19 R. bulbosus L. Hairy; st. erect, bulbous at the base; radical lvs. ternate, lfts. petiolate, incisely dentate, each about 3-cleft; ped. furrowed, cal. reflexed. - This is another acrid species, very common in pastures, mow-lands, etc. Rt. fleshy. St. leafy, furrowed, 6 - 18' high, hollow, thickened at the base into a 6ort of bulb, and dividing above into upright peduncles, with golden yellow flowers. It is well distinguished from R. acris by its reflexed sepals and its furrowed peduncles. The lobes of the root-leaves are also rounded rather than acute at apex. May, Jn. § Eur.
8. MYOSORUS, Dill. Mouse-tail. Fig. 286, 287. (Gr. Ávς, Ávoς, mouse, ovρa, tail; alluding to the long spike of carpels.) Sepals 5, produced downwards at base below their insertions; petals 5, with slender, tubular claws: stamens 5 - 20; achenia very closely spicate on the elongated torus.- Lvs. linear, entire, radical. Scapes 1-flowered. 1 M. minimus L. Prairies and bottoms, Ill. to La. and Oreg. A diminutive plant, remarkable for its little terete spikelet of fruit, which is often more than an inch long. Lvs. 1 - 3' long and 1 - 2" wide. Scape a little taller, with a single minute, pale yellow flower at top. Carp. very numerous, blunt. Apr.
9. ISOPYRUM, L. False Rue Anemone. Fig. 288. Sepals 5, petaloid, deciduous; petals 5, small, tubular, sometimes 0; stamens 10 - 40; ovaries 3 - 20; follicles subsessile, acuminate with the style, 2 - several-seeded. - Delicate herbs, with leaves 2 - 3-ternate, segments 2 - 3-lobed. Fls. pedunculate, axillary and terminal, white.
1 I. biternatum Torr. & Gr. Low, erect, glabrous; pet. none; carp. 3 - 6, broadly ovate, divaricate, sessile, strongly veined, 2-seeded; sds. ovate, compressed, smooth, and shining.- Damp shades, Lake Erie to Ark., rare. Rt. fibrous. Stems several, 4 - 10' high. Lvs. mostly biternate, the radical on long petioles, segm. cuneate-obovate, 4 - 6" long, on stalks of equal length. Fls. on slender peduncles 1 - 2' long. May. Looks like the Rue Anemone.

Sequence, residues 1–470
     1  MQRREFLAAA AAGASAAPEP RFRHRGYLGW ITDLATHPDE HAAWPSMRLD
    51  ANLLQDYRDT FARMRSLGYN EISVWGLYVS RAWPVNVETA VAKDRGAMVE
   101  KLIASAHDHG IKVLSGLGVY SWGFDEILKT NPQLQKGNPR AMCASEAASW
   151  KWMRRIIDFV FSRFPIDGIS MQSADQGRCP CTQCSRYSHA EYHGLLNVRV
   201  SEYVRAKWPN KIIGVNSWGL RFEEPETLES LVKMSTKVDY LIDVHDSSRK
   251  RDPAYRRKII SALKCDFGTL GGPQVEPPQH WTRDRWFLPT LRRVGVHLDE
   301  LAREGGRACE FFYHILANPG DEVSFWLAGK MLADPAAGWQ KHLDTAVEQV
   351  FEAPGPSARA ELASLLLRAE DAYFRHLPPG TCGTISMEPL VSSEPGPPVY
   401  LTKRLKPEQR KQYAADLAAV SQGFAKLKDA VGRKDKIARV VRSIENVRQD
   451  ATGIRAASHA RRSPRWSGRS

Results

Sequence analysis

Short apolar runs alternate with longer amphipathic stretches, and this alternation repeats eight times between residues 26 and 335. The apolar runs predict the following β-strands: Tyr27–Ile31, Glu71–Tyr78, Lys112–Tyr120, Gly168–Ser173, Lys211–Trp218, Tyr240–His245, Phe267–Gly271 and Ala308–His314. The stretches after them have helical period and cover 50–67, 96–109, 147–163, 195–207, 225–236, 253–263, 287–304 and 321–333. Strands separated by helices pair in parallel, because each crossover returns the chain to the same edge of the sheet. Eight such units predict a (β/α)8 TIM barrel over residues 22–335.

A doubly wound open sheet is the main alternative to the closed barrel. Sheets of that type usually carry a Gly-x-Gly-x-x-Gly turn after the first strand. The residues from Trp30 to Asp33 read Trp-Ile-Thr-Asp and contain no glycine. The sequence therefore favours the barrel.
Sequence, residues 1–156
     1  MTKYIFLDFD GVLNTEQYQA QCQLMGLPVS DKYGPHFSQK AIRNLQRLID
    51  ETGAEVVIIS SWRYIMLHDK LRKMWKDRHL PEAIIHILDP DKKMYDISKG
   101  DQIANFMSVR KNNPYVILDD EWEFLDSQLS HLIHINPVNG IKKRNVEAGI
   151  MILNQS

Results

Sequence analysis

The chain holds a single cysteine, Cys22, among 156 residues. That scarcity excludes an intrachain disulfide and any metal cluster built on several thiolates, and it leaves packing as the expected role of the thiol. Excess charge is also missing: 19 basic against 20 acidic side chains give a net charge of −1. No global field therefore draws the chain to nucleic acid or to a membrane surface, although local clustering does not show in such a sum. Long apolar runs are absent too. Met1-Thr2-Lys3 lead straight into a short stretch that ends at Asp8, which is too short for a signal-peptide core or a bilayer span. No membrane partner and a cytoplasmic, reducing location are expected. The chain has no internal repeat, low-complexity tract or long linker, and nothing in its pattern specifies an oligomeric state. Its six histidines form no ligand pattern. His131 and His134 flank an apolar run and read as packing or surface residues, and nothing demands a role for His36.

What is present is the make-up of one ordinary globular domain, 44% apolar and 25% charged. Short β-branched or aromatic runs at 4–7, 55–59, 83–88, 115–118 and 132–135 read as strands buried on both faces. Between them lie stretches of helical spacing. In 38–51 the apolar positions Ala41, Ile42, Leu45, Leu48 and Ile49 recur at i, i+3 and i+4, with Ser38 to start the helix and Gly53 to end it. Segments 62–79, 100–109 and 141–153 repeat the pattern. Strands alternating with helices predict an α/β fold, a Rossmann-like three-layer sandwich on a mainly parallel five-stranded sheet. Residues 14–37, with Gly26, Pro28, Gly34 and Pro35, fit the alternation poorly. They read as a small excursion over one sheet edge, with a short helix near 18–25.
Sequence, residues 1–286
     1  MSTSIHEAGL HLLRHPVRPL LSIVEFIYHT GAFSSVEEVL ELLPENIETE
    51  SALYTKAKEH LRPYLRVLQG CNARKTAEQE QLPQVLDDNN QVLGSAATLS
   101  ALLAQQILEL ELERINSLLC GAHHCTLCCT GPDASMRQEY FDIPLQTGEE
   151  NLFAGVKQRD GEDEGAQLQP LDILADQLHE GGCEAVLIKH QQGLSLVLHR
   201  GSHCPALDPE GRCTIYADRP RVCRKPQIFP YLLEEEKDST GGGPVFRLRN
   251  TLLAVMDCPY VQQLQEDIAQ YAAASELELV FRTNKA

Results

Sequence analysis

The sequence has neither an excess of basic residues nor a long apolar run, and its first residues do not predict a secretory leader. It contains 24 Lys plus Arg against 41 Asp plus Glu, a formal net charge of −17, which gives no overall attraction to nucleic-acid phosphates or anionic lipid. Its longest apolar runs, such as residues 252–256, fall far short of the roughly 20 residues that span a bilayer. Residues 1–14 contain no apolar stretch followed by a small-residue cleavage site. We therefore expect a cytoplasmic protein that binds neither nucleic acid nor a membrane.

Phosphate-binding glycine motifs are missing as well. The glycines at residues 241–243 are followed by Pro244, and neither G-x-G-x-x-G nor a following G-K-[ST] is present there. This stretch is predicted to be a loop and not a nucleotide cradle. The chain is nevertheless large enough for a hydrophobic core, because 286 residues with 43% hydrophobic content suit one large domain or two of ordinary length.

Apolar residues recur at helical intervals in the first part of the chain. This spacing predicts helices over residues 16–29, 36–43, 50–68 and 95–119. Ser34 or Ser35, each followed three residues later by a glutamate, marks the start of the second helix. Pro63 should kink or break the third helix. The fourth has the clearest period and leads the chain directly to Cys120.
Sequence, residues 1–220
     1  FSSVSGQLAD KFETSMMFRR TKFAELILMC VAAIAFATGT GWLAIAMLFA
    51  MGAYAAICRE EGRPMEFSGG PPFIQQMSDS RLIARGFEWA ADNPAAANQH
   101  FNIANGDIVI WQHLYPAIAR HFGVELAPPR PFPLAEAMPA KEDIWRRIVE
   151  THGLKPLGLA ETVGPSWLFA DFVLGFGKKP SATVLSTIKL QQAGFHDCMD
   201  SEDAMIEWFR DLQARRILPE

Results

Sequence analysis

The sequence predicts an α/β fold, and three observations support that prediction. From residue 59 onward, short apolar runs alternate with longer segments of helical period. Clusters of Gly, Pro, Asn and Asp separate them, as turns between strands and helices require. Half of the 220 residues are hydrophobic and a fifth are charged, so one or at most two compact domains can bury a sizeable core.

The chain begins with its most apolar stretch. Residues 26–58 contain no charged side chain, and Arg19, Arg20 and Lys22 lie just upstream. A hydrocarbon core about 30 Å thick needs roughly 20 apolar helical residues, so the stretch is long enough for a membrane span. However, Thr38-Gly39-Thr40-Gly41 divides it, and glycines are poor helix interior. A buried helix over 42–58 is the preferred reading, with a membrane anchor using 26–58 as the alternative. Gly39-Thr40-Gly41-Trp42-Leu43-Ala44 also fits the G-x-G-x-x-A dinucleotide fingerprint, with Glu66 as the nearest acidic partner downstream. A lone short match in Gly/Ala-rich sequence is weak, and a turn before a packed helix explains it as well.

10. CALTHA, L. Marsh Marigold. (Gr. ĸaλaθoς, a goblet; the yellow calyx may well be compared to a golden cup.) Calyx colored, of 5 - 9 sepals, resembling petals; corolla 0; stamens ∞, shorter than the sepals; follicles 5 - 10, oblong, compressed, erect, many seeded.-
Aquatic and very glabrous.
C. palustris L. Lvs. reniform or orbicular, crenate or entire. - Wet meadows, Can. to Car., W. to Oregon. Root large, branching. Stem about 1 f high, sometimes trailing, hollow, round, dichotomous. Lower lvs. 2 - 4' wide, on long semi-cylindric petioles, upper ones sessile, all of a dark, shining green, veiny and smooth. Fls. of a golden yellow in all their parts, 1 1/2' diam., few and pedunculate. Outer row of filaments clavate, twice longer than the inner. The young leaves are in great request in spring for greens. May.
ii. C0PTIS, Salisb. Goldthread. (Gr. ĸόπτω, to chop or cut; referring to the parted leaves.) Sepals 5 - 7, oblong, concave, colored, deciduous; petals 5 - 7, small, clavate, tubular at apex; stamens 20 - 25; follicles 5 - 10, stipitate, rostrate, diverging in a stellate manner, 4 - 6 seeded. - Low herbs with radical lvs., and a long, slender, perennial, creeping rhizome.
C. trifolia Salisb. Lvs. 3-foliate; scape 1-flowered; petals much smaller than the sepals. - Penn., N. to Arctic Am. St. subterranean, extensively creeping, golden yellow, very bitter and tonic. Lvs. all radical, lfts. sessile, 4 - 8" long, crenate-mucronate, smooth, coriaceous, common petiole 1 - 2' long. Ped. 3 - 4' high, with a single minute bract above the middle, bearing a single white, starlike flower. The yellow petals are barely distinguishable by their color among the white stamena May. Medicinal.
12. TROLLIUS, L. Globe Flower. (Germ. trol or trollen, globular; alluding to the form of the flowers.) Sepals 5 - 10 - 15, roundish ovate, colored, deciduous; petals 5 - 25, small, linear, tubular at base; stamens ∞, much shorter than the sepals; follicles ∞, subcylindric, sessile, many-seeded.- Smooth, with palmately parted leaves. 1 T. laxus Salisb. Sep. 5, oblong, spreading; petals 15 - 25, shorter than the stamens. - In swamps, Can. to Penn. Not common. About 1 f. high. Lvs.
deeply cleft into 5 segments, which are lobed and cut-dentate. Fls. 1 1/2' diam., not globular. Sep. yellow, greenish outside. Petals very small, orange-colored.
Follicles about 10, crowned with the persistent styles. This is the only American species. Jn. (T. Americanus Muhl.)
2 T. Europaeus L. Sep. 15, incurved petals 5 - 10. as long as the stamens.- From Europe. St. 2 - 3f high. Fls. of a rich yellow. A very ornamental plant, of easy culture from seeds or roots. May, Jn. †
3 T. Asiaticus L. Sepals 10, spreading; petals 10, longer than the stamens.- From Asia. Plant about 2f. high, with ample foliage, and large, deep orange-colored flowers - yellow in some of its varieties. Jn.†
13. HELLEBORUS, L. Hellebore. ('EλεÝv, to cause death, βoρa, food; the poisonous qualities are well known.) Sepals 5, mostly greenish, persistent; petals 8 - 10, very short, tubular, 2-lipped; stamens ∞; stigmas 3 - 10, orbicular; follicles cohering at base, many-seeded.- Lvs. coriaceous, palmately or pedately divided. Fls. large, nodding.
H. viridis L. Glabrous; radical lvs. pedately divided, segm. lanceolate, acute, serrate; cauline lvs. few, palmately parted, nearly sessile; peds. often in pairs; sep. roundish ovate, acute, green. - A European plant, § on Long Island. Stem 2 - 3f high, thick. Apr. †